7 Month Old Cat: Size, Development & What To Expect

A few months ago, you brought home your new kitten, and like any of us these days, you probably find yourself turning to good old Google to learn more about what to expect and how to take care of your new kitten. Although cats have the reputation of being independent and they can take great care of themselves, you still want your cat to be really healthy and happy.

When your cat is almost a year old at 7 months, you will start noticing that she’s entering a stage that can be compared to that of a human teenager. Her personality will change, and so will her needs for nutrition and playing, but be patient and answer her needs properly by first understanding them. Below is some info on the different changes your cat will be going through when she’s roughly 7 months old.

Also Read: What To Expect – Your Cat At 5 Months Old

Physical and Mental Development

baby cat

When your cat is 7 months old, she will slowly be reaching the point of her development that is equivalent to people’s adolescence. She will start exploring more than before, she will have a bigger need for socializing and bonding with the people around her. At this time, your cat’s body will start growing rapidly and her teeth will get replaced by stronger, adult ones.

One of the changes you might notice first is that your cat will need more sleep than usual. This can even mean more than 16 hours a day. So don’t worry if your cat becomes a real sleep-a-holic, it’s completely normal for cats her age. Just try to encourage your cat to sleep in her cozy cat bed, in order to avoid her shedding all over the house (and beds).

Another fact that might shock you is that cats are able to start reproducing when they’re even 6 months old, so if you’ve been considering getting your cat spayed (or neutered), now is the right time to do that. Timing is really important, since male cats, if not neutered on time might go through a rough phase filled with undesirable behavior.


Regular Playing and Exercising is Crucial

Cat’s senses fully develop pretty fast – by the time they are 5 weeks old, but it takes some time for them to learn how to properly coordinate their paws. This is why regularly playing with your cat is really important – it provides your cat with some nice exercise (which is much needed at this phase) and will also strengthen your relationship.

Also, remember that what looks like a toy to your cat, might not seem like a toy to you (toilet paper rolls, socks…). This is exactly why you should be extra cautious when it comes to choosing toys for your cat in order to avoid any injuries. Look for toys that don’t come with (sewed on) small parts that your cat might choke on, and always supervise her during playing with string toys. On the other hand, in order to keep your cat interested, make sure you change her toys from time to time for new ones.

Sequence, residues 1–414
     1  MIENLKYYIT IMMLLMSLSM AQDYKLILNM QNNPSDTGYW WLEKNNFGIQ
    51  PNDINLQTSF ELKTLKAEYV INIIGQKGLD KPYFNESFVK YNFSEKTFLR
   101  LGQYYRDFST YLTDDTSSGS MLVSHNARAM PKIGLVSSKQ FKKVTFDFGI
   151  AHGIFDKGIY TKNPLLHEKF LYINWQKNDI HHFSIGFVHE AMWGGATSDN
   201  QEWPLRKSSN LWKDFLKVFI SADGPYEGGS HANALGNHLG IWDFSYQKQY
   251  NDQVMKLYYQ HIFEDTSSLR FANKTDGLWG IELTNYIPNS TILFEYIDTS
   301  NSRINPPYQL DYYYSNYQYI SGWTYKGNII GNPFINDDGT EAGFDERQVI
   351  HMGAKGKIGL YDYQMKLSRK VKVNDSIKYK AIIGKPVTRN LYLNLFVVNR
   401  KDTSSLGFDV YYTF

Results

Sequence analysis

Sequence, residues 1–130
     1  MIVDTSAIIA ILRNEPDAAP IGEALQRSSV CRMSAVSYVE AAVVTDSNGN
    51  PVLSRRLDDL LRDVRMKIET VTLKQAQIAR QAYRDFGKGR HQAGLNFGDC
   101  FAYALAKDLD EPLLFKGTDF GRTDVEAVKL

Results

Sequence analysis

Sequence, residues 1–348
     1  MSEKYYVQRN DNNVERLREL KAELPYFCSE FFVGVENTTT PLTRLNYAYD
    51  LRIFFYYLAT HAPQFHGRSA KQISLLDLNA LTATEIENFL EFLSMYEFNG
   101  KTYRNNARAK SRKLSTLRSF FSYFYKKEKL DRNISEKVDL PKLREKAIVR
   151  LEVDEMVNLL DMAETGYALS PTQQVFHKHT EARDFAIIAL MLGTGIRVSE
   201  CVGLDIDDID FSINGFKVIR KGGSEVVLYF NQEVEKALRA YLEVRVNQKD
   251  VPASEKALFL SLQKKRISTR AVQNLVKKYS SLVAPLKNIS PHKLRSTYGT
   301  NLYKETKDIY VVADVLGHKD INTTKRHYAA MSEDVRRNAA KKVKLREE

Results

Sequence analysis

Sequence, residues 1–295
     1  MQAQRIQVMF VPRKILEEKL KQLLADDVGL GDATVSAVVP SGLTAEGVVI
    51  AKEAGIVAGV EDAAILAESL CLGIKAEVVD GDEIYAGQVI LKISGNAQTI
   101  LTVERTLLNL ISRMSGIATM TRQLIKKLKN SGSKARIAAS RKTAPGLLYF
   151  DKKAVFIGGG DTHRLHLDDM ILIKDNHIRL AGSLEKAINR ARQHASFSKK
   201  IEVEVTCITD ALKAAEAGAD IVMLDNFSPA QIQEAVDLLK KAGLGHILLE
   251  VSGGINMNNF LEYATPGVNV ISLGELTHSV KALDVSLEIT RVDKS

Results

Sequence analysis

As cats get more friendly and in need of relationships with other people and pets, this might be a great time they will start accepting other pets, like dogs. But make sure you’re cautious and careful, monitor their play and relationships closely.

Staying Healthy and Nutrition

By the time she turns 7 months old, your cat will start slowly transition from kitten food to adult cat food. And although you probably already know, the best cat food is the one made by premium brands that usually has better quality ingredients. Lower quality cat food tends to be less consistent in quality.

There’s no better choice when it comes to dry or wet food, they’re both equally great. They both have their pros and cons – dry food is good for your cat’s teeth (it helps slow down tartar buildup), while wet food has a higher water content. But it basically comes down your cat’s taste and what they really enjoy the most.

One thing worth mentioning is that dry food can be a bit more practical since it can be left around the whole day for your cat to snack on it (which is good if you spend a lot of time out of the house), and it’s less expensive than wet food. So remember, if you decide on wet food, this type can only be left out for no longer than 20 minutes, so make sure you remove it if your cat hasn’t eaten it completely.

If your cat’s appetite changes at this point, when you change her food type, do not panic – it’s completely normal. Sometimes cats just like us, decide to skip on a meal. But if you’ve noticed that your cat has been skipping on too many meals, or hasn’t eaten for the last 24 hours – you better consult a vet as soon as possible. Sometimes this can be a sign of illness and things can get out of hand if you don’t start treating it on time.

All in all, this is an interesting time (much like the teenage years, I guess!) so do enjoy it! Don’t get overly paranoid that you worry yourself sick. Just be sure to pamper your cat with lots of love, meet its basic needs, feed it a healthy diet and you’ll be all good!

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